1917 Advert for textile machinery. Also colliery proprietors and foundry coke makers[6]

The 1920s and 30s brought a slump in demand for textile machinery and Platt Brothers began to lose money, prices for the few orders of machinery were driven down and would have resulted in one or more of the companies going out of business had it continued.

1927 See Aberconway for information on the company and its history

1931 Private company. To avert bankruptcy, Platts and their bankers appointed Sir Walter Preston as Chairman of the Board and it was he who subsequently proposed a merger of Lancashire textile manufacturers known as Textile Machinery Makers (TMM) consisting of Platt Brothers, Howard and Bullough, Brooks and Doxey, Asa Lees, Dobson and Barlow, Joseph Hibbert and John Hetherington and Sons, who sold their textile-machinery-making assets to TMM in return for shares. The constituent companies continued to trade under their separate names. Tweedales and Smalley were not initially partners of the TMM scheme but they joined later.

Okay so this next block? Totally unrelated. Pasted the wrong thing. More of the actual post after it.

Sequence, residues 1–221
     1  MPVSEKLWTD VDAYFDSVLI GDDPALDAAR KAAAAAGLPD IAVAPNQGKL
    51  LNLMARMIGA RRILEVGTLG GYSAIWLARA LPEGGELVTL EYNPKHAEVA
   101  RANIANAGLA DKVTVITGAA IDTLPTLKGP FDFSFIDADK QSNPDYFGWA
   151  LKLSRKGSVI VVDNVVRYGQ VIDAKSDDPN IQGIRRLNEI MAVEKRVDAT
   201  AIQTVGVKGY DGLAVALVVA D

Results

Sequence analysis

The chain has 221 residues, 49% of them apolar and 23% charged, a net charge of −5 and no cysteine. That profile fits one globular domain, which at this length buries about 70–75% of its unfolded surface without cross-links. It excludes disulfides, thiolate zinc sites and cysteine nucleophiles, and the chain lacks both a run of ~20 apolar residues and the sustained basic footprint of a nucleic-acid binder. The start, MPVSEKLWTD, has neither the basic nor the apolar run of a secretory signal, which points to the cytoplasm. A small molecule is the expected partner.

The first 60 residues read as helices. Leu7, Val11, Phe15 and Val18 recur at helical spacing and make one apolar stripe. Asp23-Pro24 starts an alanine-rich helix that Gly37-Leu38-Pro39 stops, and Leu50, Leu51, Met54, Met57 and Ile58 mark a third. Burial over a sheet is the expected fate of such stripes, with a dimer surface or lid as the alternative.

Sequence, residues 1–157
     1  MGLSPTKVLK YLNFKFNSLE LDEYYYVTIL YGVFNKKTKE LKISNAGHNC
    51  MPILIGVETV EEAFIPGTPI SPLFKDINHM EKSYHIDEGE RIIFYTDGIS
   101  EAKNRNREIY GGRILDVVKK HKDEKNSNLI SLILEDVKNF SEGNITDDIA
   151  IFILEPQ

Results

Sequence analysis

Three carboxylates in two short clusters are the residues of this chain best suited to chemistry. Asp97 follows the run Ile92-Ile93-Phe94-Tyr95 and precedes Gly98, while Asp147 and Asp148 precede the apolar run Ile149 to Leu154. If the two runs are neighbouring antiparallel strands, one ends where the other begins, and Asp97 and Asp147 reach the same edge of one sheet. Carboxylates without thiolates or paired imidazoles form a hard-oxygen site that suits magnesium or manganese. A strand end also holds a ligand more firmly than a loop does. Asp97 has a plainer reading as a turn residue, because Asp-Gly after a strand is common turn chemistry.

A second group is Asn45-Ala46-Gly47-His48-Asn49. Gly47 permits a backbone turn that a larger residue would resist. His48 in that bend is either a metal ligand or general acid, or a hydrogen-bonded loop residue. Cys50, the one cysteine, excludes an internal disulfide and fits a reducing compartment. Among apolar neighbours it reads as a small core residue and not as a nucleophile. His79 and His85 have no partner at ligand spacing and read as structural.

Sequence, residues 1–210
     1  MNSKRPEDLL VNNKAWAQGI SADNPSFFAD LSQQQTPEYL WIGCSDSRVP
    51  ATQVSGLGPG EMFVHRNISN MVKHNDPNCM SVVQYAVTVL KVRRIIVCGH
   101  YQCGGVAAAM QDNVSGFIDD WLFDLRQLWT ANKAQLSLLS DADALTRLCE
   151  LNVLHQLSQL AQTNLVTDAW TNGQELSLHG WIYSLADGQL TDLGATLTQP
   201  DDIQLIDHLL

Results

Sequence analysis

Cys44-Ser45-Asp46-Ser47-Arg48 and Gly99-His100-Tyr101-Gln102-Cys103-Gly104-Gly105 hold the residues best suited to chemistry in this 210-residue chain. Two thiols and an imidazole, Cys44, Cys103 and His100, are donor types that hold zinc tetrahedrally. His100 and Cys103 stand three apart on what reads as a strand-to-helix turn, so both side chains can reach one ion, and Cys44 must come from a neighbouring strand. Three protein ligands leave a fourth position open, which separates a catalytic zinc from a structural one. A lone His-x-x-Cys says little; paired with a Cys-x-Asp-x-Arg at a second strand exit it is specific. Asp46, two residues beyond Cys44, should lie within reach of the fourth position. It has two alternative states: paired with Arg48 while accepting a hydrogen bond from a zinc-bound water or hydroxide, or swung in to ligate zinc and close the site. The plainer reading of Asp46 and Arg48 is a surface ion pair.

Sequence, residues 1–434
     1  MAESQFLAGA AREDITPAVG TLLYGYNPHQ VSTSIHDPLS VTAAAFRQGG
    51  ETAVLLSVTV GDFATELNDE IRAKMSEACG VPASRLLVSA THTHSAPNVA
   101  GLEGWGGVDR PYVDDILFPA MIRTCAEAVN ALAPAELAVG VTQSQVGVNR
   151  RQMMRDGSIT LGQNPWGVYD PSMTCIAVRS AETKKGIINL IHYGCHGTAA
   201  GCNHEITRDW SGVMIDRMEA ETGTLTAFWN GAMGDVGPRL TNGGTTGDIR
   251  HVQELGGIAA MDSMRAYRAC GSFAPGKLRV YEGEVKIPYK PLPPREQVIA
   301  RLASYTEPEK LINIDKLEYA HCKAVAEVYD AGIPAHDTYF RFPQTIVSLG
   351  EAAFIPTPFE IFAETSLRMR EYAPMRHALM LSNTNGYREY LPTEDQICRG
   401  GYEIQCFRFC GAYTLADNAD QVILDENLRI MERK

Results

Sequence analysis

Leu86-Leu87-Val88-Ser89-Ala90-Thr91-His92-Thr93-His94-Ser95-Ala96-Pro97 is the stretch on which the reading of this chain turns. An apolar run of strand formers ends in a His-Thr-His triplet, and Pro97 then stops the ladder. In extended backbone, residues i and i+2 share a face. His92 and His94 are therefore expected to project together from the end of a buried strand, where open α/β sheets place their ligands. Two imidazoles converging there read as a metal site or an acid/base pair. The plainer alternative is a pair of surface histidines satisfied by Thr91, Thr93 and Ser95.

1934 Exhibited cast iron blocks for roads, at British Industries Fair.[7]

1937 Manufacturers of malleable iron castings. [8]

1945 A substantial holding in Prince-Smith and Stells was acquired by Platt Brothers and Co; shares were also acquired by members of T. M. M., helping give confidence in the future of Prince-Smith [9]

1953 Textile Machinery Makers remained the largest subsidiary of Platt Brothers (Holdings) Ltd[10].

1956 Platt Brothers bought controlling interests in the private company Hayward Tyler and Co hydraulic and general engineers[11] and in Le Grand, Sutcliff and Gell[12] in order to diversify the business away from the textile machinery business as this was subject to sudden fluctuations[13]. Longclose Engineering Co was another subsidiary[14]